• Be confident in your school’s overall strategy. Make sure it is coherent but see evolution as a positive. Listen to all stakeholders and be prepared to adapt, but do not be swayed by every demand. Remember the majority of feedback is positive – and make sure you pass these on to your teachers, who will also be getting the negatives direct to them. 
  • Safeguarding for adults and pupils is paramount. It is essential to have strong protocols in place, which could involve a signed home-school agreement to ensure everyone is aware. Be mindful of the updated Covid19 DfE safeguarding guidance and useful advice for remote learning here.
  • Be mindful of additional teacher workload caused by rapidly needed changes to plans, methods, technologies and home circumstances. 
    • Encourage departmental and faculty leaders to support collaborative working, reassess topics, priorities and decisions on core concepts to be covered.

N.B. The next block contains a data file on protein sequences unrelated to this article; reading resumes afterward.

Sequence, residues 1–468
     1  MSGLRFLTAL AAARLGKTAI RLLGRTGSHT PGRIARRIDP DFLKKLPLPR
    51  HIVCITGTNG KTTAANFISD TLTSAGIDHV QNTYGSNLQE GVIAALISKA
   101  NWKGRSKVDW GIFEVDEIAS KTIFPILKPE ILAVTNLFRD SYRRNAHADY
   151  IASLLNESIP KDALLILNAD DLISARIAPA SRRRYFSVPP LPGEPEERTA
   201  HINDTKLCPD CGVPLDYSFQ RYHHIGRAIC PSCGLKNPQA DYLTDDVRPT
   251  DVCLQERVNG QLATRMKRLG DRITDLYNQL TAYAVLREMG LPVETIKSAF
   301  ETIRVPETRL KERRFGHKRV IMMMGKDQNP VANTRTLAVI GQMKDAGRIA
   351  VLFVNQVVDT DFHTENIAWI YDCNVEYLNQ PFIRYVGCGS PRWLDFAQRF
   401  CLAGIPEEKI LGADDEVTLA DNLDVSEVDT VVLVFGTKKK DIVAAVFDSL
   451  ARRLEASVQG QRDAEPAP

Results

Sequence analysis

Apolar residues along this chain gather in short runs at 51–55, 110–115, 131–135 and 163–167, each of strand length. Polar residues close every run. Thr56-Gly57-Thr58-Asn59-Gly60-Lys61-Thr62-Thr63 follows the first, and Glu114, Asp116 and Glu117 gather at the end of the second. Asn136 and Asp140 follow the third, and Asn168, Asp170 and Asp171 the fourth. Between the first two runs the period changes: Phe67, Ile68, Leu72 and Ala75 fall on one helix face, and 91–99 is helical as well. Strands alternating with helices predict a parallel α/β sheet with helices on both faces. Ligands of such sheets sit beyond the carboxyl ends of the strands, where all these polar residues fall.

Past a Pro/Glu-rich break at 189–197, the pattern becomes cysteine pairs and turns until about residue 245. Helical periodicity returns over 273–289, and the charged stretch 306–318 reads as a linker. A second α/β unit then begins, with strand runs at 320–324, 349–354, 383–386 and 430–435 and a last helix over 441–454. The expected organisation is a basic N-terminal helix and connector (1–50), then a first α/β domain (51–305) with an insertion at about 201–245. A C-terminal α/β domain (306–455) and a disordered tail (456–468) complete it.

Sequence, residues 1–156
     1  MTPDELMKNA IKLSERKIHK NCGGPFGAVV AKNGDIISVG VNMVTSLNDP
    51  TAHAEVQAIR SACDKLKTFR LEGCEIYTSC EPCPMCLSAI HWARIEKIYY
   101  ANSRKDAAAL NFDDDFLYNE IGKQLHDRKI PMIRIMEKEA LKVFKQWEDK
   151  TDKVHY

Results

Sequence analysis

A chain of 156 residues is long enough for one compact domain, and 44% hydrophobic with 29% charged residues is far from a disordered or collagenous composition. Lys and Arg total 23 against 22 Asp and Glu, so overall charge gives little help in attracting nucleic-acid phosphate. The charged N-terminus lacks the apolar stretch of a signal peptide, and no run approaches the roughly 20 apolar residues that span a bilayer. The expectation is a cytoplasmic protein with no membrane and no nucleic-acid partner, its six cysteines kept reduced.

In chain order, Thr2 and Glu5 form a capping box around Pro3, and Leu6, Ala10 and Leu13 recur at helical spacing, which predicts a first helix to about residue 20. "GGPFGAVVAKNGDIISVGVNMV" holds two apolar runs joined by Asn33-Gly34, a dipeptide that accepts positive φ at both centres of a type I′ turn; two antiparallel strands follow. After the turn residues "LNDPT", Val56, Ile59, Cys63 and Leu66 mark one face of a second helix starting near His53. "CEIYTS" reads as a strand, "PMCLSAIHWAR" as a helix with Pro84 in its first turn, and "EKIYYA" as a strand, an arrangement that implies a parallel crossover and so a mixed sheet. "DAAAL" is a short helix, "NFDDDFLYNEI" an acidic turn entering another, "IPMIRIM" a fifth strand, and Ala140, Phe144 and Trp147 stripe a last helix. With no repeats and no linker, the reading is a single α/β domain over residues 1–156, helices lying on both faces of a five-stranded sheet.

• Most schools have moved to a ‘mixed diet’ of live lessons (a bit more familiar and motivational; (often efficient in getting information across and cutting down on marking feedback); online tasks and videos (allows families flexible timing); hard copy work (lessens screen time and reliance on devices but home printer or school office staff availability are issues); open ended or directional challenges etc
    • This unfamiliar working pattern is tiring and all parties may need reduced hours, time off and some variety – extended lunch or exercise breaks, a ‘free’ afternoon’, adapted theme and celebration days; targeted use of commercial, DfE or BBC resources.